Iowa Wild coach Tim Army remained optimistic for as long as he could.

As far as he was concerned, the American Hockey League (AHL) was going to resume the 2019-20 season at some point.

He wouldn’t let himself go down the other rabbit hole.

“It wasn’t like we were in summer mode,” Army said Monday. “We were in pause mode and getting ready to play coming out of it.”

His optimism waned over the past couple of weeks as the coronavirus pandemic continued to spread across the country — Iowa has seen a large spike in cases the past few weeks — and he started to get a sense that the 2019-20 season could in fact be in jeopardy.

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“You still hold out a little bit of hope,” Army said. “You have to do that until it’s official.”

It became official on Monday morning, May 11, when the AHL announced its decision to cancel the remainder of its regular season and Calder Cup playoffs following a vote by the league’s Board of Governors.

“After a lengthy review process, the American Hockey League has determined that the resumption and completion of the 2019-20 season is not feasible in light of current conditions,” AHL president David Andrews said in a release, adding that the league has shifted its focus to preparing for the 2020-21 season.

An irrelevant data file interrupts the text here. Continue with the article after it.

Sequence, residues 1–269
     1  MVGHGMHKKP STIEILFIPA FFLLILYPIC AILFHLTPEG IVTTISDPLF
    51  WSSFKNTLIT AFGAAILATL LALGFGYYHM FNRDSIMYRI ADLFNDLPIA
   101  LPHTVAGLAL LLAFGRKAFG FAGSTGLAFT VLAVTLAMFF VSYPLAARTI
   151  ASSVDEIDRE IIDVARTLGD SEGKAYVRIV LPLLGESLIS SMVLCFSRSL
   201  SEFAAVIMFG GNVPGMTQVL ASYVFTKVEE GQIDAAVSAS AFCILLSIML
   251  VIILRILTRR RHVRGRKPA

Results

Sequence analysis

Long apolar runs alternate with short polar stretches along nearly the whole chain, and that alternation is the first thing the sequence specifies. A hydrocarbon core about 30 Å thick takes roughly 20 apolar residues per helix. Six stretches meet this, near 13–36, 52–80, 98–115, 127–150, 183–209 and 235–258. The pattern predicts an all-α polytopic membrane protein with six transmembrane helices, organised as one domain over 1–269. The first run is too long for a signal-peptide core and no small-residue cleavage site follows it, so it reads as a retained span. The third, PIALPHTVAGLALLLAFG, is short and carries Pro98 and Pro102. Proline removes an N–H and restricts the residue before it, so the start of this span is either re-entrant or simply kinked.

“We understand and support the decision made today by the American Hockey League to cancel the remainder of the 2019-2020 season,” Iowa Wild president Todd Frederickson added. “On behalf of the entire organization, I’d like to thank our great fans for their unwavering support during these difficult times.”

It’s an extremely tough blow for the Iowa Wild, especially considering they were in position to make a serious run at the Calder Cup.

They were tied for the second-best record in the league when the AHL suspended operations in March. Gerald Mayhew was leading the league with 39 goals. Sam Anas was leading the league with 70 points. Kaapo Kahkonen was leading the league with 25 wins.

“It’s disappointing and disheartening for everyone because there will never be any closure,” Army said. “It will always feel unfinished because we won’t get the opportunity to pursue the Calder Cup. We felt we were as capable as anybody. It’s a really empty feeling right now.”

When Army conducts exit interviews with his players, he said, he’s going to remind them to focus on what made this season special, not that it ended abruptly.

“We don’t have control over the situation,” Army said. “It finished at 63 games and there’s nothing we can do about it. What we can do is look back on all the positives. There’s a lot to be proud of.”

Still, there are always going to be things that eat at Army when he looks back on the 2019-2020 season.

His biggest regret?

“We never got to take a team picture with the whole group,” Army said. “We won’t be able to put something on the wall and that hurts.”